Modeling Responses and Response Times in Personality Tests with Rating Scales

By Ranger, Jochen | Psychological Test and Assessment Modeling, October 1, 2013 | Go to article overview

Modeling Responses and Response Times in Personality Tests with Rating Scales


Ranger, Jochen, Psychological Test and Assessment Modeling


Abstract

In this article several latent trait models for the joint distribution of the responses and response times in rating scales are compared. Among these models are two generalizations of established models for binary items, namely a generalization of the approach of Ferrando and Lorenzo-Seva (2007a) and a generalization of the approach of Ranger and Ortner (2011). Two new models and a variant of the hierarchical model of van der Linden (2007) are also considered. All these models combine the graded response model with a response time model based on the log-normal distribu-tion. The models differ in the assumed relationship between the expected log response time and the underlying latent traits. Although the proposed models have different interpretations and implica-tions they can all be calibrated within the same general framework using marginal maximum likeli-hood estimation and an application of the ECM-algorithm. The models are used for the analysis of an empirical data set. According to the AIC index, the generalization of the model of Ranger and Ortner (2011) can represent the data best.

Keywords: response time, log-normal distribution, inverted U-shaped relationship, rating scale

(ProQuest: ... denotes formulae omitted.)

The analysis of response times in psychological tests has a long history (Thurstone, 1937; Furneaux, 1952). The focus of psychological research has thereby been on achievement tests, and substantial progress has been made in this area. A major step forward was the development of latent trait models that can be used for the joint analysis of the responses and response times in a test. In comparison to the simple indices, which have formerly been used in order to combine the accuracy and speed of a respondent, the usage of a latent trait model has several advantages. First, some latent trait models have an epistemological foundation as these models can be derived from the principle of spe- cific objectivity, which states that the result of a comparison of two individuals must not depend on the specific item used for the comparison (Fischer, 1989). And second, latent trait models allow for more sophisticated research questions and applications. Latent trait models have been used for item selection in adaptive testing (van der Linden, 2008), the detection of collusion between test takers (van der Linden, 2009a) and the detection of aberrant responses (van der Linden & van Krimpen-Stoop, 2003).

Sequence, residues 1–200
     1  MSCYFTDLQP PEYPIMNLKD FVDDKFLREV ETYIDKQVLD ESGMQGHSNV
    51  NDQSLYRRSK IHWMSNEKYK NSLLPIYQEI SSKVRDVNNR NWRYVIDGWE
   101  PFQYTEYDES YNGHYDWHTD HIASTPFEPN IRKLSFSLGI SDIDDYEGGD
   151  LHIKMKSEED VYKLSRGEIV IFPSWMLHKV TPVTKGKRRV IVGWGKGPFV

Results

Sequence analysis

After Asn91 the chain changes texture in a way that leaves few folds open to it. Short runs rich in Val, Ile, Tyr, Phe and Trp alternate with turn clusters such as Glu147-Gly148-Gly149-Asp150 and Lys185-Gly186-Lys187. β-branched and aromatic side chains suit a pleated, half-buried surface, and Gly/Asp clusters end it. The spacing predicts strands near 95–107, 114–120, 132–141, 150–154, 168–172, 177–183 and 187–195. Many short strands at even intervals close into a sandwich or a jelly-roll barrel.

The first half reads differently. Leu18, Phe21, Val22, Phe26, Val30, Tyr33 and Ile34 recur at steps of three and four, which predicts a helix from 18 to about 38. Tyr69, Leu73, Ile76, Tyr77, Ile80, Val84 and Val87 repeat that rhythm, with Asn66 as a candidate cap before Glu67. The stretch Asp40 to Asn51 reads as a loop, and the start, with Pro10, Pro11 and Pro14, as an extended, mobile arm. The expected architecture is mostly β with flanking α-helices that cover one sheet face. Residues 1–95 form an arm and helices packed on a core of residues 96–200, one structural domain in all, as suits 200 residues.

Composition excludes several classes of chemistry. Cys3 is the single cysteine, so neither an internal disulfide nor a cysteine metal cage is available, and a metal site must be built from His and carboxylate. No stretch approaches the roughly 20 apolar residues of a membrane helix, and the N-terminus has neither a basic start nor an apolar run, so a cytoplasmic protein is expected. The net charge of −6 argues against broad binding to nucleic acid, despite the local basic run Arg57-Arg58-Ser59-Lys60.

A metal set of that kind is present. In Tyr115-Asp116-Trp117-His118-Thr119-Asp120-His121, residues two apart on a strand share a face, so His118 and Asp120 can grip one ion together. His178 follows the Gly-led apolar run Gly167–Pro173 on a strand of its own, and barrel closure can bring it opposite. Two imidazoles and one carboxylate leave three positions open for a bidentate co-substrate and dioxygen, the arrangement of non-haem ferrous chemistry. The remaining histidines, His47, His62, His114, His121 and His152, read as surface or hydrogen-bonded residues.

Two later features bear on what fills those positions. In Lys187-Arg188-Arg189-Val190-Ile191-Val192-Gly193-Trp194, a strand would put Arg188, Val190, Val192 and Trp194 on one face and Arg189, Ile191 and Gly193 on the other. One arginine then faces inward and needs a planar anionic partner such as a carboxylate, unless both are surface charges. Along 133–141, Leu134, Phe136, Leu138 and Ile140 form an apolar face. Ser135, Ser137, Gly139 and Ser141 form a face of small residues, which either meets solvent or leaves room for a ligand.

Much progress has been made in the field of achievement testing, where a large number of different models for responses and response times has been proposed. For an overview over the different models proposed so far see van der Linden (2009b) as well as Lee and Chen (2011). Some of these models explicitly refer to the concept of specific objectivity and have a sound measurement theoretic foundation. See for example Scheiblechner (1979) who proposed a response time model based on the exponential distribution. In this model the total test time has a similar function as the sum score in the Rasch model, being a sufficient statistic for the speed of a test taker. Other models have been derived from assumptions about the response process. The components of such process models are closely related to psychological concepts, such that these models go beyond the usual measurement models of item response theory (Tuerlinckx & De Boeck, 2005; van der Maas, Molenaar, Maris, Kievit, & Boorsboom, 2011; Vandekerckhove, Tuerlinckx, & Lee, 2011).

Less progress has been made in the area of attitudinal scales and personality tests. The latent trait models devised for the responses and response times in achievement tests can not simply be transferred to this area of application. This is due to a different relation between the time needed to give a response and the trait that is intended to be measured with the test. In personality and attitudinal scales the individuals located at either end of the trait continuum usually respond fast, a data pattern that is described as an inverted-U relationship (Kuiper, 1981; Ferrando, 2006; Akrami, Hedlund, & Ekehammar, 2007). …

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